Brexit Britain from Abroad: Voters Punish “Maybot” and Reject Hard Brexit

May’s Miscalculation

This must have been the worst election campaign that a British politician has run for decades. Theresa May treated the British like children, whose future could be dictated. She refused to take part in public debate, avoided any discussion with voters and endlessly repeated the same terms and phrases to every question. Her robot-like repetition of empty slogans earned her the nickname "Maybot."

In the last weeks, the British have suddenly been able to observe their prime minister outside her protected role. She showed herself to be cut off, staying in her own small group of trusted people, not trusting anyone else, unable to listen. May appeared insensitive, lacking any understanding of people's real concerns. And these concerns are to do with education, the health system, and the public financing of aged care. Reviled as a "dementia tax," her suggestion that elderly people in need of care would have to finance it themselves -  and her subsequent turnaround in this issue - damaged her enormously. It is unbelievable that someone could even make such an absurd suggestion during an election campaign. Theresa May must have a penchant for self-destruction.

Barbara Wesel, Deutsche Welle

The Punishment of May

May believed she could build a big parliamentary majority from the center to the fringe on a program that served the fringe at the expense of the center—because the main opposition party was also doing the same. The center had no good choices, and must accept her as the less bad. Instead, they punished her as the author of their dilemma. The early exit polls suggest the mechanics of what happened: May’s populism boosted her support among white working class voters, but not enough to tip Labour strongholds her way; meanwhile, she lost ground among middle-class metropolitan voters, costing the Conservatives seats through wealthy southeastern England. The Conservatives even lost Canterbury, a Tory seat since the advent of universal male suffrage in 1918.

The disaffected middle class did not punish May so roughly as to bring the dreaded Corbyn to power. But through some mysterious collective wisdom, they did just enough to break her power, cut short her career—and very possibly reopen the question whether Brexit cannot be stopped.

David Frum, The Atlantic

 Theresa’s Little Helpers

The current DUP leader and now the lifeline to the survival of Theresa May, Arlene Foster, was Mr Robinson’s choice of replacement when he left the political stage. She has remained well to the right in both matters of politics and questions of morality. She is opposed to same sex marriage and heads a party predominantly anti-gay and pro-Brexit.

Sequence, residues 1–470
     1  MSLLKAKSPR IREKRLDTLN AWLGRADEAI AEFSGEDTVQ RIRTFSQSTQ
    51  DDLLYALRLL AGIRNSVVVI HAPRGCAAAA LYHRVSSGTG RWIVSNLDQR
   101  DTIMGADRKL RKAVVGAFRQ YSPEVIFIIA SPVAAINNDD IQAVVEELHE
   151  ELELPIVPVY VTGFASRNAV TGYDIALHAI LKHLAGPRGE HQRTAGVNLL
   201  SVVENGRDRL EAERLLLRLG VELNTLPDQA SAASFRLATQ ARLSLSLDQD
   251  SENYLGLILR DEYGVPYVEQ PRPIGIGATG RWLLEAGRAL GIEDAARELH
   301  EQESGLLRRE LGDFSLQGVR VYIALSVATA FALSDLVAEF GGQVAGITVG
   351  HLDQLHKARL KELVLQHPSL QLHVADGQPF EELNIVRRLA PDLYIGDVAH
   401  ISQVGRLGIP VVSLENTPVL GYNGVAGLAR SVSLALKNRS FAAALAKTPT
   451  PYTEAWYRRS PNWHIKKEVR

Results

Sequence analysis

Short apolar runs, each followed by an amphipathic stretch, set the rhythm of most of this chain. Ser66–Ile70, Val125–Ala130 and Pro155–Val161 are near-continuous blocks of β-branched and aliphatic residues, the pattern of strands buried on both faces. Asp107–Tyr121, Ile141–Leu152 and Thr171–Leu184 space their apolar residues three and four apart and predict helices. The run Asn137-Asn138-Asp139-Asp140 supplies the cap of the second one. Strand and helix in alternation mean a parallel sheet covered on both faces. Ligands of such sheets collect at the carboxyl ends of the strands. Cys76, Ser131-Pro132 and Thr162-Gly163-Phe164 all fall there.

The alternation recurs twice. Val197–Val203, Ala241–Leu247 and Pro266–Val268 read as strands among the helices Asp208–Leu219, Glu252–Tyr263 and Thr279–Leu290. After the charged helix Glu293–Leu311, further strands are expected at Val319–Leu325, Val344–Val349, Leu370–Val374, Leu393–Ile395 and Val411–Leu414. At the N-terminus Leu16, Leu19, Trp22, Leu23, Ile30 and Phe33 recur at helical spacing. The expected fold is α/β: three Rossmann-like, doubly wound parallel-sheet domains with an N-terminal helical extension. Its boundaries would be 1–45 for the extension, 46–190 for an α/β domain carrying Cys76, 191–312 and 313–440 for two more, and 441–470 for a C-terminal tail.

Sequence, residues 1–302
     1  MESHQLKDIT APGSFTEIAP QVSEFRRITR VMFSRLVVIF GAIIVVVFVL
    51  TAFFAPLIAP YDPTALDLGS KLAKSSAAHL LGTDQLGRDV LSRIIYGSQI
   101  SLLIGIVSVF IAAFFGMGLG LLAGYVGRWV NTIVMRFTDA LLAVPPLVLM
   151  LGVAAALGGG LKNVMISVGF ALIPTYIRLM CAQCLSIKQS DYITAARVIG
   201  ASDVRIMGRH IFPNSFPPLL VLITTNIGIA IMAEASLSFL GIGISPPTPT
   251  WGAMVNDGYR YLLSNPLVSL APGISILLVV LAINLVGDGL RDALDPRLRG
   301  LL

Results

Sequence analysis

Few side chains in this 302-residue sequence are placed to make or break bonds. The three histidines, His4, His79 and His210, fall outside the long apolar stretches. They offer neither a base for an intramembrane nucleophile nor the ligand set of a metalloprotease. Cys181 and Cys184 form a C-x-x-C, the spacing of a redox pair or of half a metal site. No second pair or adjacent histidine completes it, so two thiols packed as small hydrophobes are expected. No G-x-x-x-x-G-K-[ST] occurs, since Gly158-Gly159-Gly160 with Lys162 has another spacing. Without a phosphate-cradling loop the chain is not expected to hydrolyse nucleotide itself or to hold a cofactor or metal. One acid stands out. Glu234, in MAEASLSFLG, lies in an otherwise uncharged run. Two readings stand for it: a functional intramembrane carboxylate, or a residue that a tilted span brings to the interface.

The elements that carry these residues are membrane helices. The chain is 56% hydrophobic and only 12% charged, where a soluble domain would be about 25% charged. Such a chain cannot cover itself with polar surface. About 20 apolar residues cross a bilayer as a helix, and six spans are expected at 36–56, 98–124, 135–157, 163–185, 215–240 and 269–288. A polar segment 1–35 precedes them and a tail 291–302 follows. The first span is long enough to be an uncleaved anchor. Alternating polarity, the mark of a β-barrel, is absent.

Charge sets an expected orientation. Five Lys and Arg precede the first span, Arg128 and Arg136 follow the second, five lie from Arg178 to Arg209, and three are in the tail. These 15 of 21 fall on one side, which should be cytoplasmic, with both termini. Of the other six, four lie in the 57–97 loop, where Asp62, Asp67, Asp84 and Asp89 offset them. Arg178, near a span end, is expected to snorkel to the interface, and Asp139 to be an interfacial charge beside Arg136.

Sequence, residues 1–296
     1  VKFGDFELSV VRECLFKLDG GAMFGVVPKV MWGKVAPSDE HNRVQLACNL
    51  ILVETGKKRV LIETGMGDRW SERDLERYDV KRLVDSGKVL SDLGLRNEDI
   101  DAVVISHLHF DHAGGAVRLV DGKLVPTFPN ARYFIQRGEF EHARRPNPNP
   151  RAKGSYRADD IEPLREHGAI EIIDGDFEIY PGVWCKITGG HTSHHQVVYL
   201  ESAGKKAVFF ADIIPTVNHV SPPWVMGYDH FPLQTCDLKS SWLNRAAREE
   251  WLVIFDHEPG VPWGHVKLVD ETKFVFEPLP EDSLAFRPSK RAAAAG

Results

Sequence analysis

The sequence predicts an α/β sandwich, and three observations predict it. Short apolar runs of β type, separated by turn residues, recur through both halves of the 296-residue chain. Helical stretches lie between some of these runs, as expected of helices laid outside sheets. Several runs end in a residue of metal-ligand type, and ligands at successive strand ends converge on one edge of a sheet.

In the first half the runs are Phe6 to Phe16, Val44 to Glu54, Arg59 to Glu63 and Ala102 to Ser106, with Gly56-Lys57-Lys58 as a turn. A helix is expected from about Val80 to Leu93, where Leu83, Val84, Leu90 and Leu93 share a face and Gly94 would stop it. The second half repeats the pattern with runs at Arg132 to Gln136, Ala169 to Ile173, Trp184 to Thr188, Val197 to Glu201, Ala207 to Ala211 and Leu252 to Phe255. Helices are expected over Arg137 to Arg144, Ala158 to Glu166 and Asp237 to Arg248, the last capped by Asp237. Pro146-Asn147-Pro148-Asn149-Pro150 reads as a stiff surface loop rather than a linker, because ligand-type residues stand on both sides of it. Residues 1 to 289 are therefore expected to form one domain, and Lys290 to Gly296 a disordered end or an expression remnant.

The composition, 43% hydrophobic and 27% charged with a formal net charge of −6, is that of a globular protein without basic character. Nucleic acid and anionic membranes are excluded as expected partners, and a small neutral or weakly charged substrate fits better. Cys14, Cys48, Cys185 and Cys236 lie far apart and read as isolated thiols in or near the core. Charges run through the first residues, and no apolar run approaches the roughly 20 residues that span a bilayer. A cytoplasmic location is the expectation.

Where Mrs Foster’s stance on gay marriage etc fits into a modern liberal British society begs questions. However, the DUP ought to remember what Sinn Féin President Gerry Adams once told a republican rally: “The British never disappoint their enemies. They only disappoint their friends. What can be bought can be sold”.

Eamonn Mallie, The Irish Times

Failed Gamble

Donald Tusk, the European Council president, reminded London that while the start of the two-year Brexit negotiations may have to be delayed, article 50 of the Lisbon treaty had already been triggered and talks would have to be concluded by March 2019.

“We don’t know when Brexit talks start,” Tusk tweeted on Friday. “We know when they must end. Do your best to avoid a ‘no deal’ as result of ‘no negotiations’.”

Sweden’s former Prime Minister Carl Bildt, who now chairs the European Council on Foreign Relations think tank, called the outcome “messy”.

“One mess risks following another. Price to be paid for lack of true leadership,” he tweeted.

Mick O”Reilly, Gulf News

Brexit in Doubt

The unexpected outcome saw the pound shed as much as three US cents at one point, or close to 2 per cent, on fears the political turmoil could delay, and complicate, Brexit talks, which are due to start in 10 days.

"A minority government is the worst possible scenario," said Perpetual head of multi-asset strategy Matthew Sherwood. "It elevates the political risk premium over every single piece of legislation ... The more uncertain the outcome, the more political risk will be priced into markets.

Of key importance is how the Brexit negotiations will now proceed, said Colonial First State Global Asset Management chief economist Stephen Halmarick. "There's already talk discussions will be delayed until they know what form the government will take and what will happen to Theresa May," he said.

Myriam Robin, Sydney Morning Herald

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